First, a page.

This my brother Perry and our Aint Lucy!
I am finishing my novel and have decided to take July to focus on it. So I will not be blogging or sending out any Joyvotions until August. Please pray that I will listen to the guidance of the Lord. Thank you and thank you SO much for reading.
“Likewise, teach the older women to be reverent in the way they live, not to be slanderers or addicted to much wine, but to teach what is good. Then they can urge the younger women to love their husbands and children…” Titus 2:3-4
Last week, I had the joyous opportunity to visit with my three siblings and their spouses and their kids and it was a blessing. And then to add to that, I had the privilege of travelling to a little town in New Mexico called Eunice to attend a family reunion. The last time I was in Eunice was 20 years ago in 1991, when my Grandmother Mamie Grizzard Floyd celebrated a family reunion with her 7 children, their spouses and all their kids. Since then, Mamie, my Uncle Raymond and my parents, Walker and Sally Floyd have died. And though my heart twinged a bit missing their presence, I felt the joy of seeing the many that have been added to the clan since then. Spouses and tons of kids have joined. And I too, having been single in 1991, have an expanded family with the blessing of John and Noah Iobst.
As with any family reunion, we laughed plenty and ate a lot. There was music making and storytelling. I hugged a lot of necks and kissed the cheek of several aunts and cousins. And yes, I even said, “Wow, you have grown!”
But I have to tell you my favorite moments came while sitting next to Lucille Kellum, my Aint Lucy, as I call her. Lucy is in her 70’s and is full of wisdom from the Lord and from life experience. She has 4 kids and in our family we had 4 kids. The Kellums lived in Eunice, 3 hours away from the Floyds in Van Horn, Texas. I grew up visiting them often and playing with Phyllis, her youngest, the one about whom my Dad would say, “Robbie, she’s about your caliber.” Gun vernacular was a constant metaphor used by Daddy. :0)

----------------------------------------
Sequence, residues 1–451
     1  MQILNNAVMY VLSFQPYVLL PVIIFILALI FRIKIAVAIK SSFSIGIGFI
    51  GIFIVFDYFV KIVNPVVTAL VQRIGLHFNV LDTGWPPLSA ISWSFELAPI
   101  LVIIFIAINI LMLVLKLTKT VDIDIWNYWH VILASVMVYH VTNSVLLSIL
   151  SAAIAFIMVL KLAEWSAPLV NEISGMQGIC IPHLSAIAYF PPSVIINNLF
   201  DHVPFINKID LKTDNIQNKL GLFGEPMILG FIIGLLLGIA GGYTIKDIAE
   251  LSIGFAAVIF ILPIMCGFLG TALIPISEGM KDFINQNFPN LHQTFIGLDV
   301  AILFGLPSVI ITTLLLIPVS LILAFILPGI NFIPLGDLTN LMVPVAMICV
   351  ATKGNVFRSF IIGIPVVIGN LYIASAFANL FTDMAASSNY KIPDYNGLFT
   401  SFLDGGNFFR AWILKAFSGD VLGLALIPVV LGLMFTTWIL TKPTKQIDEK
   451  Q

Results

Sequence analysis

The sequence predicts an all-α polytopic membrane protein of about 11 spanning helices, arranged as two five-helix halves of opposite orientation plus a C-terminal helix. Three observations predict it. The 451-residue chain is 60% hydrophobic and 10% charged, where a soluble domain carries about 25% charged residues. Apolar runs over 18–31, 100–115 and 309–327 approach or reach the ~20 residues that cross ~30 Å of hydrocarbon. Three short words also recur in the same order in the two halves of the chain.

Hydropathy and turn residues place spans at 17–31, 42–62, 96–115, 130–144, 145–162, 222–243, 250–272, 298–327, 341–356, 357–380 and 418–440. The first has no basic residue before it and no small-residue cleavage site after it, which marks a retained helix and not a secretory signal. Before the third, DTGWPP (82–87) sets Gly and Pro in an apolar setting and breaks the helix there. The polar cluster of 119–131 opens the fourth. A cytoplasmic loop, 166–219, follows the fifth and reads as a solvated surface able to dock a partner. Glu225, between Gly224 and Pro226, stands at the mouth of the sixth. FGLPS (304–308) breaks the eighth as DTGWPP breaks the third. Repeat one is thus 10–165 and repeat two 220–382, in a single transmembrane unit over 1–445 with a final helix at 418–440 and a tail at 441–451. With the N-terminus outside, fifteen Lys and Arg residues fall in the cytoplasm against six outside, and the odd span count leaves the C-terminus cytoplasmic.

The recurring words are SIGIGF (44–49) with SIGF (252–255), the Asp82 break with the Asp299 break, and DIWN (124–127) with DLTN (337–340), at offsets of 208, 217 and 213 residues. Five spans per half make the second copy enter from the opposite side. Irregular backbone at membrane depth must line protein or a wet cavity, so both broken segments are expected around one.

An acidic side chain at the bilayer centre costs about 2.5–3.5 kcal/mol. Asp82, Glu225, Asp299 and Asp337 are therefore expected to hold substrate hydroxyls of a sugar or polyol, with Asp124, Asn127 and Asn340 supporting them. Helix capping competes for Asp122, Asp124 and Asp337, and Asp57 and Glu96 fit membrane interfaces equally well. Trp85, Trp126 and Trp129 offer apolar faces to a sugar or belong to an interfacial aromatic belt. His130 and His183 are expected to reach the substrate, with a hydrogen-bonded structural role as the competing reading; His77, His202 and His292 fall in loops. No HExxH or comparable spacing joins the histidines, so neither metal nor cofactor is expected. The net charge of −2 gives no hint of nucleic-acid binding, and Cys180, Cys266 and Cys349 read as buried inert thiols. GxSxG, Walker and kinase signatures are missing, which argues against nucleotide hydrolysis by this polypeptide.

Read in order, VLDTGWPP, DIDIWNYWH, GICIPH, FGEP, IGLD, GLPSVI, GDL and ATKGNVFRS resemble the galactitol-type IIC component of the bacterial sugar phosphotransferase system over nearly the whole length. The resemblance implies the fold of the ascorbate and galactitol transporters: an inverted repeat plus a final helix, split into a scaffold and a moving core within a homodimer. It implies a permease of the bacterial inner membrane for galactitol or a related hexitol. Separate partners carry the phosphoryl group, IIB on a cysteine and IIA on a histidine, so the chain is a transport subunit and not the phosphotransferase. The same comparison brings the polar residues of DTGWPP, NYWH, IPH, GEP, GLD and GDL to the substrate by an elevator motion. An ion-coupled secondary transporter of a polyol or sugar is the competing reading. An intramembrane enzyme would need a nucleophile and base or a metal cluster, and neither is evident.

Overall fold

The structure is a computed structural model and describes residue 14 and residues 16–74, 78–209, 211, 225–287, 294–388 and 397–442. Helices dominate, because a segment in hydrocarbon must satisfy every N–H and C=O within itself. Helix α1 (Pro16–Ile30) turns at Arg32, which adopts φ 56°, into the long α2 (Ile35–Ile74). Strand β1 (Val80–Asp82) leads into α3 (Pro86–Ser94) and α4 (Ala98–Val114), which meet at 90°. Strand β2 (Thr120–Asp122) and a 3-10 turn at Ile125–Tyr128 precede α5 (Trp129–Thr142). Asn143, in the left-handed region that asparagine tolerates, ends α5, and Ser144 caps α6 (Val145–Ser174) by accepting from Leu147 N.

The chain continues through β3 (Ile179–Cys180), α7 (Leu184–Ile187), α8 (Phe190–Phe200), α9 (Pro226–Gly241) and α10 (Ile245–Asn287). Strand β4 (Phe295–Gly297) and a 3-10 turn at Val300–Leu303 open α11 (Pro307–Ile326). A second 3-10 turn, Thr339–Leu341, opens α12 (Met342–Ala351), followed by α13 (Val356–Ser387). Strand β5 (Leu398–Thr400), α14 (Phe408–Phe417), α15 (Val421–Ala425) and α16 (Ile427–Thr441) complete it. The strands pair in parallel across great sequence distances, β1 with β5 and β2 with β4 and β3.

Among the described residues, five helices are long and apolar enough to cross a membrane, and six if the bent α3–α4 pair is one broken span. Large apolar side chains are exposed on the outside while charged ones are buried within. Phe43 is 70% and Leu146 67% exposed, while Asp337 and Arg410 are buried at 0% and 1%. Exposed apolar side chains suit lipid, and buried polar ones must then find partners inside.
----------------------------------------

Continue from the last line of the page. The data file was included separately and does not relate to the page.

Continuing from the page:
When my father died, Lucy was at the funeral. After the service, I remarked to no one in particular, “Well, I guess I’m an orphan.”
Quick as a cricket, Aint Lucy said, “As long as I’m alive Robbie Gail, you are not an orphan.”
Wasn’t just words either.
Last year, Aint Lucy went through a bout with cancer. I’m sure Mike and her kids were scared something awful. I was, too. But she came through a-shining and looked great at the reunion.
While I sat next to her, I asked Aint Lucy how to keep a good marriage going. She and Mike have been together 59 years. She said simply, “I learned very early on to get rid of the “me and I” in everything.”
She continued to dose out wisdom and soon she was surrounded by me, my sis-in-law, and two of her granddaughters, ages 17 and 18. It was a beautiful scene because it was how it should be. The older woman giving wisdom to the younger.
I miss my own mother so much and there are still moments I ask God why He had to take her. He’s been silent on this point.
But sitting in Eunice, New Mexico last week, listening to someone who has earned my love and respect like a mom, comforted me in ways that I can only feel, not put into words.
I drove from Albuquerque back to Denver on Monday and during the long, lonely drive I talked to God about what had happened and the joy of being placed in such a wonderful clan. And I asked God if it be His will, to allow me to someday be a wise old woman. (I refuse to think of myself now as old and I know I ain’t wise. :0) )
If you have such a treasure in your life, I encourage you to take some time and ask her some questions and allow the Father to soothe your spirit and teach your heart lessons that only come through the words of someone who has lived long and well.
Thank you Aint Lucy!